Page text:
Covid-19 roundup: Anthony Fauci, Stephen Hahn testify in Congress; China's Sinopharm speeds into PhIII vaccine trial
In the early days of the outbreak, NIAID-chief-turned-America’s-Doctor Anthony Fauci cautioned Americans that a vaccine could come in 12-18 months. After several months of research and development and hundreds of vaccine projects around the globe, he’s sticking with the most optimistic end of that assesment.
Appearing in a black cloth mask before the House Energy and Commerce Committee, Fauci expressed confidence about the arrival of a vaccine even as he offered a sober assessment of the “disturbing surge” of infections now taking off in some parts of the country.
“You remember, I told your committee a few months ago, that a vaccine would be available from a year to 18 months,” he said in a response to a question from Diana DeGette (D-CO). “I said that in January of 2020. A year from January is December. I still think there is a reasonably good chance that by the very beginning of 2021, that — if we’re going to have a vaccine — that we will have it by then.”
For a little over 2 hours, Fauci answered questions alongside CDC director Robert Redfield, FDA director Stephen Hahn and HHS assistant secretary for health Brett Giroir. He explained adjuvants, the first large-scale trials set to begin this summer, and how the government and industry were scaling up production at-risk so they’ll be ready if one proves effective. He batted down the idea that mutations in the virus might make a vaccine ineffective — an assertion not yet borne out by data on the thousands of sequenced coronavirus genomes.
“Well, we already know it’s mutated, right?” Kurt Schrader (D-OR) said, after Fauci said the flu vaccine is often ineffective because of influenza virus changes.
“Yeah,” said Fauci. “That doesn’t make any difference. All RNA viruses mutate. That doesn’t mean they change.”
Hahn, meanwhile, faced a litany of questions on how the FDA would evaluate a vaccine. The agency has faced scrutiny for its actions during the outbreak particularly after it authorized the Trump-touted anti-malaria drug hydroxychloroquine, despite a paucity of evidence for the effectiveness.
“Let me be clear,” he said. “The data and science will dictate when we will have safe and effective treatments and vaccines for Covid-19.”
“The acceleration is really around taking financial risk round the developmental process; the acceleration is not cutting corners with respect to the assessment of safety and effectiveness,” he added when pressed by Fred Upton (R-MI). “We’ve been doing this for years, and we will rely upon the science and data when it’s available to us, to make that adjudication and decision regarding an EUA. I cannot prejudge when that will happen.” — Jason Mast
United Arab Emirates hosts PhIII trial for vaccine candidate from China’s Sinopharm
Leapfrogging both domestic and overseas rivals, China’s Sinopharm has started a Phase III trial for one of its inactivated vaccine candidates against Covid-19 in the United Arab Emirates.
That the study of a homegrown vaccine is taking place outside China highlights the bizarre problem researchers can encounter when a country brings its local outbreak (even the second waves) under control. If the disease isn’t prevalent enough in a given region, it may be near impossible to tease out the real effects of an immunization compared to placebo.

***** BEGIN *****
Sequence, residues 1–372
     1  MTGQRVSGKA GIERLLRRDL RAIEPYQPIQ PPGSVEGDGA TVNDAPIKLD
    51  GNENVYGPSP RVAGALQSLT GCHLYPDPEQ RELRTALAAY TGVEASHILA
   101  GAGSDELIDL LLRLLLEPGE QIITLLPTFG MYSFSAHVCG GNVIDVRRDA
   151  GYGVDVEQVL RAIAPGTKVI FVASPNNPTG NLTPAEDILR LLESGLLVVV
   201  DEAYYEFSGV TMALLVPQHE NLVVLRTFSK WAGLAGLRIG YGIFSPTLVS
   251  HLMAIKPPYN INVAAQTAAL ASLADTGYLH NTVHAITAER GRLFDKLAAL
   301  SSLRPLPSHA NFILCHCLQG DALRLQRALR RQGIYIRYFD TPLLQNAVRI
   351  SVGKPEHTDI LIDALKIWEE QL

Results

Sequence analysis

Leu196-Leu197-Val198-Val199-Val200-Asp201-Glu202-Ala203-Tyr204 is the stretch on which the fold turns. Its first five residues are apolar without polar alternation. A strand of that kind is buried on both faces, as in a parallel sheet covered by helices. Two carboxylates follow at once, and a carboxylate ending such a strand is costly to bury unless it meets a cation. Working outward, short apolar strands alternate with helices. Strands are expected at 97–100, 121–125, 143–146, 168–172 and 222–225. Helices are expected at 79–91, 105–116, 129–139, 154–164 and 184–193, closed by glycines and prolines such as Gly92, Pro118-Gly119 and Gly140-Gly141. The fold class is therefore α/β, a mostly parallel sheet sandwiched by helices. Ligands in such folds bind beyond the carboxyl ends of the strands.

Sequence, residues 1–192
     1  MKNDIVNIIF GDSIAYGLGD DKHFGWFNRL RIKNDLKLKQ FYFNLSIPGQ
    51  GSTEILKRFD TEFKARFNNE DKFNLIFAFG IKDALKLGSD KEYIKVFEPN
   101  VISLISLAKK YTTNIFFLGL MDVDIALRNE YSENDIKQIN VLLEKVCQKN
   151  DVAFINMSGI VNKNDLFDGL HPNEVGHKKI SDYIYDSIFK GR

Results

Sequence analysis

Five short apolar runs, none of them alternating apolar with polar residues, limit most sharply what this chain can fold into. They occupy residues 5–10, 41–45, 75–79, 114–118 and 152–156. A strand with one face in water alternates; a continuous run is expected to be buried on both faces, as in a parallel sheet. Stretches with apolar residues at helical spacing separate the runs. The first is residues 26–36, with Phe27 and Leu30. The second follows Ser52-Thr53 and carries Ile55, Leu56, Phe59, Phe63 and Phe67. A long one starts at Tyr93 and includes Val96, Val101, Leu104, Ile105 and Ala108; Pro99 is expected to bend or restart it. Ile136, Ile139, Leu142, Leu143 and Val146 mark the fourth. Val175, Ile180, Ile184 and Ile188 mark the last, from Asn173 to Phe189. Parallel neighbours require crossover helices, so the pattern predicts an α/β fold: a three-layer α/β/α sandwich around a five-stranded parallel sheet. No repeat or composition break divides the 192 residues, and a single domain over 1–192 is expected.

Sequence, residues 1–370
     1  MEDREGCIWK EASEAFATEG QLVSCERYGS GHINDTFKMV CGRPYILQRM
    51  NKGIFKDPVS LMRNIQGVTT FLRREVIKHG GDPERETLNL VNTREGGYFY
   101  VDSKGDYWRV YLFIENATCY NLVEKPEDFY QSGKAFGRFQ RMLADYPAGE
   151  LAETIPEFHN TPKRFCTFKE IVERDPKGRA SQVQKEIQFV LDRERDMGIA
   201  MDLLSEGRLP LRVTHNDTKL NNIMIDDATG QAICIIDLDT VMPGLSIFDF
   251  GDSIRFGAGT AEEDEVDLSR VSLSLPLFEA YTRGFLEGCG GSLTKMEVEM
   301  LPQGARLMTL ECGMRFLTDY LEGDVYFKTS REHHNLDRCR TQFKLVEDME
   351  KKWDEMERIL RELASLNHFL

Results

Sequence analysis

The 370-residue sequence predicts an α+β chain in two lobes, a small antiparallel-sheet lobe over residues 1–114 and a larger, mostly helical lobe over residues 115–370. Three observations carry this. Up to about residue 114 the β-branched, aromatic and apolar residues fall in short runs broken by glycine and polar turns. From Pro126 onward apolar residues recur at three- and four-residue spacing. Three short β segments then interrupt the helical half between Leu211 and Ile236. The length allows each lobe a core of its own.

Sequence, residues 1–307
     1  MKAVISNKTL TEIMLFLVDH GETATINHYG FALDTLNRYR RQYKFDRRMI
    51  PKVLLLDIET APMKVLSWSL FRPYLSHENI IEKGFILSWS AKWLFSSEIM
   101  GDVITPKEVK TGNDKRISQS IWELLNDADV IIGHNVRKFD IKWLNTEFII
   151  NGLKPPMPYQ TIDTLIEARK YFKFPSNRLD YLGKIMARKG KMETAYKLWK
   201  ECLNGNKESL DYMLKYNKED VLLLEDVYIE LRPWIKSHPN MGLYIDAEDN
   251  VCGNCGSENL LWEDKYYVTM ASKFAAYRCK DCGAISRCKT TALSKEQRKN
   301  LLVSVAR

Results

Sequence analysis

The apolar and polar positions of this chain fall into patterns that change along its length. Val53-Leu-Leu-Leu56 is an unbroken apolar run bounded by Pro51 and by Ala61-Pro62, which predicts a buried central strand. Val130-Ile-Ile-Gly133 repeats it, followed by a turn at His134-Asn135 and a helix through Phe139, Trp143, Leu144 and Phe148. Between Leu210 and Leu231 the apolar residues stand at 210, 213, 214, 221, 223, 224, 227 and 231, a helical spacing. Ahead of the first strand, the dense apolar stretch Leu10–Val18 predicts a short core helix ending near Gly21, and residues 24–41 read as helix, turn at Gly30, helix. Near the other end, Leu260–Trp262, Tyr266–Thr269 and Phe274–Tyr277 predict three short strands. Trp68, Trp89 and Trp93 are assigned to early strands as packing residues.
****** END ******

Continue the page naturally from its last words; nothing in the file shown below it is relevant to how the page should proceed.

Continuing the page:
Sinopharm is working with local partners for both data analytics and manufacturing, including Abu Dhabi-based AI and cloud computing company Group 42.
The vaccine being tested is made by the Wuhan Institute of Biological Products, one of its multiple subsidiaries, and has completed Phase I/II trials in Henan province. A similar experimental vaccine developed by the Beijing Institute of Biological Products is still in the earlier phase.
A state-owned enterprise, Sinopharm enlisted its own workers to help determine the safety and efficacy of the vaccines in development, ultimately administering them to more than 1,000 employees. It’s also offered jabs to staffers of other state-owned enterprises travelling overseas.
Specialized manufacturing facilities are required to produce inactivated vaccines since the producers must first bring in the live virus in order to “kill” them, either with heat or chemicals. Sinopharm has disclosed that it has capacity to make 120 million doses in Beijing and another 100 million in Wuhan — although it’s not yet clear how many shots each person will need. — Amber Tong
AstraZeneca turns to Scotland for latest vaccine supply deal
Scotland’s Symbiosis Pharmaceutical is the latest partner on AstraZeneca’s roster for churning out 2 billion doses of the Oxford vaccine by the end of 2021.
By Reuters’ count, this marks the 10th Covid-19 vaccine supply deal from the pharma giant, which had signed on less than two months ago to scale up the global development, manufacturing and distribution of the chimpanzee adenovirus-based vaccine candidate originating from the Jenner Institute.
The new partners didn’t specify how many doses Symbiosis has committed to producing, noting only that its headquarters in Stirling is staffed with 100 professionals.
With Phase III trials underway in the UK and Brazil, AstraZeneca had mapped out plans to launch with help from Operation Warp Speed. — Amber Tong
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